The Shakey Mover
I met my love at first sight and we moved in together three months later.
Our first apartment came to us serendipitously. My friend Nicole suggested that I ask the owners of a local bookshop about renting their basement apartment. They said yes, and within days, I was moving into my very own apartment with my newfound love. The house lay on a cozily mature tree-lined street just off the main uptown strip. A red brick century home bursting with quiet love and the sound of a piano being played passionately yet unskillfully every Sunday morning. We lived in a basement unit, of course, with a leaky shower and an abject decorative mismatch of chocolate brown shag carpeting, fire-engine red kitchen paint, and kitschy blue folk-art bathroom walls. We loved it.
We slept on a cheap mattress on the bedroom floor. The bedroom “window” looked out under a deck into darkness, at a bunch of cat piss and dirt. After a few months we realized that the bottom of our mattress was covered in black mold.
Next door - in another towering, impeccably gardened, ivy-clad century-old dwelling - lived our good friends: a couple including the aforementioned Nicole. We drank and smoked and occasionally partied together, ever-so-tamely. We and our friend group were a mixture of musicians and their partners; my closet musician status was blooming into full performer status. The closet door was always ajar, both literally and figuratively. I was either too lazy or too uncertain to keep it open or closed.
Elliott Smith died while we lived in that apartment. We got high for the first time together in that apartment, and stayed that way for a dozen years. A detective once pounded on our door, waking us in the (then unimaginably early) morning light. By the time I crawled up off the bed and reached the kitchen door to answer it, only an ominous post-it with his name and number remained. We went vegan in that apartment, and stayed that way for fifteen years. We adopted our first kitten; we had our first tearful disagreements.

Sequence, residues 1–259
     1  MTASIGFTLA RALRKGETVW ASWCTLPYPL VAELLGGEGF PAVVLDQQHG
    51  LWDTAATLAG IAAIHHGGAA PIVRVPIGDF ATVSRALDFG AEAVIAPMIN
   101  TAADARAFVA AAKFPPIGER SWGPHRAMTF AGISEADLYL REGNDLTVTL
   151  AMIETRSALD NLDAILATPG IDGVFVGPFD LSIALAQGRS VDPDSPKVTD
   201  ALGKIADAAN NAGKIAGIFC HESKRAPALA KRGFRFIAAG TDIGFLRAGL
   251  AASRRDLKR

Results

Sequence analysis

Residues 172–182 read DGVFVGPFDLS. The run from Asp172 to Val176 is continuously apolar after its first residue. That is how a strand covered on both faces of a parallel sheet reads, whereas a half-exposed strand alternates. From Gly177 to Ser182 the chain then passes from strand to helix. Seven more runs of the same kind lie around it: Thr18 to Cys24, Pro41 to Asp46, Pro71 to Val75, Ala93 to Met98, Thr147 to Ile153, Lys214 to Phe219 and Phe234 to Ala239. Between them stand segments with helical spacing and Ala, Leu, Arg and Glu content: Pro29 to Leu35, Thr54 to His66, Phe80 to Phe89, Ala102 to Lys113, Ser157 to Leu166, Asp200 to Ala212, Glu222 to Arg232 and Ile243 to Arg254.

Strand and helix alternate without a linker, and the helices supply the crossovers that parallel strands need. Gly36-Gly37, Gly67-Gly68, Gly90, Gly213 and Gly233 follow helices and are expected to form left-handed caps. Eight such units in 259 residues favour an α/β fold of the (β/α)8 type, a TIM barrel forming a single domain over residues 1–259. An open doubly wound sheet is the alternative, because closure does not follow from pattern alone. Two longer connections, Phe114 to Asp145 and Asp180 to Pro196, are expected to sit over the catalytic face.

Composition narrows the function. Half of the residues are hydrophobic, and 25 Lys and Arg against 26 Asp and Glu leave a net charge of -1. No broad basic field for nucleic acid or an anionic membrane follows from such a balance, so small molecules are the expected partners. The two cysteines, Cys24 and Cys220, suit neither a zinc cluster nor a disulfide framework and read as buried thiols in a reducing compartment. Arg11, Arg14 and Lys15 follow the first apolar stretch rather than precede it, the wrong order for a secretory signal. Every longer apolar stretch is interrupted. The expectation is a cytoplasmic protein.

We grew up just enough in that apartment to make living there worthwhile, but not enough that we left any wiser than when we’d started. We just…grew. The grey matter in our brains. Our book and record collections. Our culinary skills. Our friendships, our craft, our pastimes, and our emotional fortitude.
One night ten years after we moved out of our first apartment, we drove down George Street in our minivan packed almost to the ceiling with our musical gear. We’d just played a show nearby and, in lieu of staying with some spectacular new friends on a perfectly tenable living room floor, we parked as close as we could to our first apartment. We locked up the van, crawled up onto an air mattress on top of our instruments and slept, more comfortable near our past than in the present.
When we met our new friends the next morning for breakfast a few blocks away at the infamous 24-hour University hangout and 3am waffle mecca, Mel’s Diner, I didn’t feel guilty for forgoing their invitation to crash in favour of heading out and holing up on our van. Sleeping next to the first home we’d ever shared felt like hanging out near the grave a dear distant relative: an aged aunt who’d smelled of lavender and always given sage advice.
We left that first quaint apartment in favour of a newer, bigger, more sterile and soundproof modern apartment with A/C, an elevator and a dumbass swimming pool that nobody used. The Me of today prefers character over modernity, but like I said: we were just mature enough to stay alive back in 2003.
We were just kids.